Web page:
Newswise — MAYWOOD, IL – Susan Hou, MD, who altruistically donated a kidney to one of her patients and later became a recipient of a lung transplant, is among the transplant patients who will be honored April 21 during Loyola University Medical Center’s 25th annual Candle-lighting Ceremony.

The ceremony raises organ donation awareness for National Donate Life Month, pays tribute to organ donors and supports transplant patients.

The media are invited to attend the ceremony Thursday at 4 pm at Loyola’s Paul V. Galvin Memorial Chapel, 2160 S. First Ave., Maywood. Please park in the parking lot on the north side of campus. A media relations representative will meet you at the north door and show you to the chapel.

In 2002, Dr. Hou donated a kidney to one of her patients, a mother of two, who suffered kidney failure as a result of polycystic kidney disease. Twelve years to the day later, Dr. Hou became an organ transplant patient, receiving a donated lung to treat a life-threatening pulmonary disease that was unrelated to her kidney donation.

Dr. Hou is believed to be the only transplant physician in history both to donate an organ and receive an organ transplant, according to the United Network for Organ Sharing.

“Some people know they just have to do it, and I was one of them,” said Dr. Hou, who felt destined to be an organ donor. “If you believe in the brotherhood of man, there are no unrelated donors.”

The ceremony also will recognize three other remarkable organ donor patients. • Heart transplant patient Donna Stout and double lung transplant patient Cassie Stanley received their organs from the same donor. Together they have given dozens of talks to high schools and other venues to raise awareness for organ awareness. In 2007, Ms. Stout received a transplant after experiencing sudden heart failure at the relatively young age of 49. Her donor heart has functioned well ever since. “If it weren’t for my donor, I would never have seen my daughter graduate from college and get married,” she said.• Ms. Stanley was born with cystic fibrosis, a life-threatening disease that causes a buildup of thick mucus in the lungs. Her double-lung transplant saved her life in 2007. Those donor lungs eventually were rejected, so Ms. Stanley underwent a second double-lung transplant in 2012. “These lungs are working perfectly fine,” Ms. Stanley said. • Ted Sulkowski vividly remembers the night he was notified that organs had become available for a liver-kidney transplant. “It was the call of a lifetime,” he said. “You never forget that moment. That night my wife and I lay in bed and prayed for the donor family.” Watch Ted's story here.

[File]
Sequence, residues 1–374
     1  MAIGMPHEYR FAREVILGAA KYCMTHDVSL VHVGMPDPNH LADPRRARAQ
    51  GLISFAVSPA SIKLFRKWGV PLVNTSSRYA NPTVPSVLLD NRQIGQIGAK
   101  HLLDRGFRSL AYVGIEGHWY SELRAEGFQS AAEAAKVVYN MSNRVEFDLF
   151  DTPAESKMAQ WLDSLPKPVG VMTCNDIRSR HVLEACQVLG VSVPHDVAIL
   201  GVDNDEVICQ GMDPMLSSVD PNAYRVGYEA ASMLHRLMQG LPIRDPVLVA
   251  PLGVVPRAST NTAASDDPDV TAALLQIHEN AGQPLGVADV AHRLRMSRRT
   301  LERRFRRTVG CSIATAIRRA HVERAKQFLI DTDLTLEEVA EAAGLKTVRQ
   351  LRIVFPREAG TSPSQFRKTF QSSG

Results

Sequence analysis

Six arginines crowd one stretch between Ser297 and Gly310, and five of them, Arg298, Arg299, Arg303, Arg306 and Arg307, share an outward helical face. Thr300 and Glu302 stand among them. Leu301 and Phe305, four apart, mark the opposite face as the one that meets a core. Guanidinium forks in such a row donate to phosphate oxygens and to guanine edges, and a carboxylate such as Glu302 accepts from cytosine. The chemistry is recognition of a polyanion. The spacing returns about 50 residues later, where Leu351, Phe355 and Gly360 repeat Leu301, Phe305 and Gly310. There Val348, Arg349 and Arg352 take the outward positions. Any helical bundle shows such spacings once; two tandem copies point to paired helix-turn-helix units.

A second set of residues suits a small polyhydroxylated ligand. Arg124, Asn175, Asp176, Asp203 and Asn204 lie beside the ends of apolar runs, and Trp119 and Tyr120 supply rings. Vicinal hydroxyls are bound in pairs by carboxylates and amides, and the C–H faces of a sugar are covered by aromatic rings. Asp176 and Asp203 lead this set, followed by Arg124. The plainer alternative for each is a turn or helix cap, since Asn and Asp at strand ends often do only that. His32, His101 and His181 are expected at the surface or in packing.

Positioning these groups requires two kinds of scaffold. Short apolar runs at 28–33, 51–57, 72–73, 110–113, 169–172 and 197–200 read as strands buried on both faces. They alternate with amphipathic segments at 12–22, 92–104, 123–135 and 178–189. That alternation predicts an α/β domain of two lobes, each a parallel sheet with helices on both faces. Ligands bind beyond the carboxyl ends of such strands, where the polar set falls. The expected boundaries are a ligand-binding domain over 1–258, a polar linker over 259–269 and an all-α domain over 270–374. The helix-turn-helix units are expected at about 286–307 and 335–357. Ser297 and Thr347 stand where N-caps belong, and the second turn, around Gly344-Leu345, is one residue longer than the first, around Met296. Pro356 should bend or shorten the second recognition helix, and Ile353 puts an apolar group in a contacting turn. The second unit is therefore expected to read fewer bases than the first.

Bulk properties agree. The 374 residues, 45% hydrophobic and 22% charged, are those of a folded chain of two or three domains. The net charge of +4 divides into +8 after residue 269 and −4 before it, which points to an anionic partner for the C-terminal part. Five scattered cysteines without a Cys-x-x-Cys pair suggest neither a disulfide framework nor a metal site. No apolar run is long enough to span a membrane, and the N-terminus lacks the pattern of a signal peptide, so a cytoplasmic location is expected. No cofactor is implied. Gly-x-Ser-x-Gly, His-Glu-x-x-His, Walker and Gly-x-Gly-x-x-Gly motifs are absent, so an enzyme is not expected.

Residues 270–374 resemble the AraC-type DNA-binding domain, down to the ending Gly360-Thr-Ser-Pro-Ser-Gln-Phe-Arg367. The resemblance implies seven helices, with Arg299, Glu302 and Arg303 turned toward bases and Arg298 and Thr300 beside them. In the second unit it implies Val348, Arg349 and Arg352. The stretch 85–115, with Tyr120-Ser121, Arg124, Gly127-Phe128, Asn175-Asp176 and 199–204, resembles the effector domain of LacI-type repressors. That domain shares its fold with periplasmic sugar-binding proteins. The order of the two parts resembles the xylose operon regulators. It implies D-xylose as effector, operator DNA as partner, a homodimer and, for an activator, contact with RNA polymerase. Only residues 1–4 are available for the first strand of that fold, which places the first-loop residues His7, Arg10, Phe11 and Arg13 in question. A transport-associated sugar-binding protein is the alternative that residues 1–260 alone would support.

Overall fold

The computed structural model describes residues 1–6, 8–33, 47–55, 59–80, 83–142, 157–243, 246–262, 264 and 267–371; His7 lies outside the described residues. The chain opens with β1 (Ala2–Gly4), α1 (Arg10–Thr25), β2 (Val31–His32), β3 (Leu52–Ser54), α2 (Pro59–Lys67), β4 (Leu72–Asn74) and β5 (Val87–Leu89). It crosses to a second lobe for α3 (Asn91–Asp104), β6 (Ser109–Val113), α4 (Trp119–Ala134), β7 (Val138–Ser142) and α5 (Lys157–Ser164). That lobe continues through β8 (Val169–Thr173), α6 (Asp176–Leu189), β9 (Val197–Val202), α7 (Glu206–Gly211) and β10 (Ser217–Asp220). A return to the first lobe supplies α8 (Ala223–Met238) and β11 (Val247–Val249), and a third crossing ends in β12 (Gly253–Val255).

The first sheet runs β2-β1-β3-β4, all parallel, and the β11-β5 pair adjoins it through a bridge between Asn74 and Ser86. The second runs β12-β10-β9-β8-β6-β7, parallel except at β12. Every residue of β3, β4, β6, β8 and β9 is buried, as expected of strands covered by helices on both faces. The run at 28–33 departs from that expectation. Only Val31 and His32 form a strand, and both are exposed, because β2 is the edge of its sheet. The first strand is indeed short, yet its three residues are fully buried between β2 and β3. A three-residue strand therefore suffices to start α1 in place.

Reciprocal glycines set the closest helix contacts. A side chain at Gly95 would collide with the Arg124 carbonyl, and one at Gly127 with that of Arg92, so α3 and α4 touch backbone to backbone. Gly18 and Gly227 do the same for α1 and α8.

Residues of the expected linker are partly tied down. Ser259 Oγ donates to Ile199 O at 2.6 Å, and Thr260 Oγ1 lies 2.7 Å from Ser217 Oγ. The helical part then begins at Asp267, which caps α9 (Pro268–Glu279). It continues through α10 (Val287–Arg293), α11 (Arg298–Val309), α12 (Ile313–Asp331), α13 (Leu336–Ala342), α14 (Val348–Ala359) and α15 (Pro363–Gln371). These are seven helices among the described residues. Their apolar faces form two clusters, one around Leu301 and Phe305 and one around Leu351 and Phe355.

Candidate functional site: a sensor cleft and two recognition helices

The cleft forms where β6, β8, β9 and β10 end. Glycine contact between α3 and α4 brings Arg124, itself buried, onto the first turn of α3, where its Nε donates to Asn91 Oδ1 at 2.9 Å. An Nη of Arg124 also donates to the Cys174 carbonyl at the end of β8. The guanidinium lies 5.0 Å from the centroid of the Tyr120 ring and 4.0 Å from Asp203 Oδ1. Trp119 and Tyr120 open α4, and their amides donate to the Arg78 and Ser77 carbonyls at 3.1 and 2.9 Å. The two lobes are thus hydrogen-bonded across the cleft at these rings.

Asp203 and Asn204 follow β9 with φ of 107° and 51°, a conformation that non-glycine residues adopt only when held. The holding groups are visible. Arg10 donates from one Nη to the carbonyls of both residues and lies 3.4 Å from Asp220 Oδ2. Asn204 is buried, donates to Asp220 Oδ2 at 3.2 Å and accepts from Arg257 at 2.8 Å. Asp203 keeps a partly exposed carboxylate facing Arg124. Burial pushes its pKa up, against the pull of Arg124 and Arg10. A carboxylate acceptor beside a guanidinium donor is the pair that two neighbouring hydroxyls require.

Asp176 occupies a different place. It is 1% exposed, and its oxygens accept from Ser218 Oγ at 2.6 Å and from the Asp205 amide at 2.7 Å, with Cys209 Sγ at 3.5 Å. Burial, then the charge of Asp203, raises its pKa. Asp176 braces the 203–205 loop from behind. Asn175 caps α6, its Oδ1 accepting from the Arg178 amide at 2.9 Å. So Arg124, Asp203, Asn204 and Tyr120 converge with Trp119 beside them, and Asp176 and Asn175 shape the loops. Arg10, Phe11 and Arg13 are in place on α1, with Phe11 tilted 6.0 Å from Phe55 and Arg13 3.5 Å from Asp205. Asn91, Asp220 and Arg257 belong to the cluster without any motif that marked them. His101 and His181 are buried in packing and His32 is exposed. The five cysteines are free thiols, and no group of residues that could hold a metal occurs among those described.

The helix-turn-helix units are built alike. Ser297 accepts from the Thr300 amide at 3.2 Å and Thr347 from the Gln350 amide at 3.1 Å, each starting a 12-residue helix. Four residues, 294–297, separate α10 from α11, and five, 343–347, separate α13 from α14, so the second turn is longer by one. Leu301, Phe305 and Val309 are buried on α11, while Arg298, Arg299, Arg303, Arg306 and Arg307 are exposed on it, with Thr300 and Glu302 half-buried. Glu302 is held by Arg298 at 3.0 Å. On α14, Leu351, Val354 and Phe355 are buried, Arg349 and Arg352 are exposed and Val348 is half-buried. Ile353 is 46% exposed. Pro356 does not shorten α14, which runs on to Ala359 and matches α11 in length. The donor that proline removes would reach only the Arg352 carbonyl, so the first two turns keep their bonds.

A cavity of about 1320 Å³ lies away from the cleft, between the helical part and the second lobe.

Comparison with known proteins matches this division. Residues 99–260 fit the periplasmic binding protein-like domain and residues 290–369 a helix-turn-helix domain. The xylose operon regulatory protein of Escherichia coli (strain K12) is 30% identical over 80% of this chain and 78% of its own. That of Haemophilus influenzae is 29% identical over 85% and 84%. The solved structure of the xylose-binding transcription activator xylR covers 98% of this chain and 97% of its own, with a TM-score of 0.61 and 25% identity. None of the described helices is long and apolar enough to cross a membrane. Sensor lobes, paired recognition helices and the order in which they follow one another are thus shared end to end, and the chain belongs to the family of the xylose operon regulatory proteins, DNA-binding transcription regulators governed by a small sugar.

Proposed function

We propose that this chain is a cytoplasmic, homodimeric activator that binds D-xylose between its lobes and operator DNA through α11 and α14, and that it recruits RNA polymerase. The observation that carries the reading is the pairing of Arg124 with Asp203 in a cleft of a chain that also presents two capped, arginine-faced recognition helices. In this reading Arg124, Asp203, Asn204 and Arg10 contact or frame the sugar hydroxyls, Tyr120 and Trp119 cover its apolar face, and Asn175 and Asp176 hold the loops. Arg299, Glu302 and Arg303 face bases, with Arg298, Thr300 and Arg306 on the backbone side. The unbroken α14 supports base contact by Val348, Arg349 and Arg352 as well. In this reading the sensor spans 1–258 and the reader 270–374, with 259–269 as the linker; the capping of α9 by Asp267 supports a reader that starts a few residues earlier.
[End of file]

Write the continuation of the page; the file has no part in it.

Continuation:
In the ceremony, patients who have received organ donations, or are waiting for a transplant, light candles from the “Candle of Life” in memory of and thanksgiving for those who have given life to others through organ donation. The lit candles represent the life that each one of us carries.

Now that Dr. Hou has her health back, she has resumed working with a free clinic in Bolivia that she co-founded. The clinic serves more than 3,000 patients a year.

“I worry whether the lung should have gone to someone younger,” said Dr. Hou, who was 68 at the time of the transplant. “So I feel a great pressure to make the most of the extra years I have been given.”

Loyola Medicine's Transplant Center offers exceptional outcomes for patients and living donors through specialized transplant programs and surgeries. Transplant specialists employ a clinically integrated, evidence-based approach to care that leads to outstanding results. Loyola builds lifelong relationships with its heart, kidney, liver and lung patients.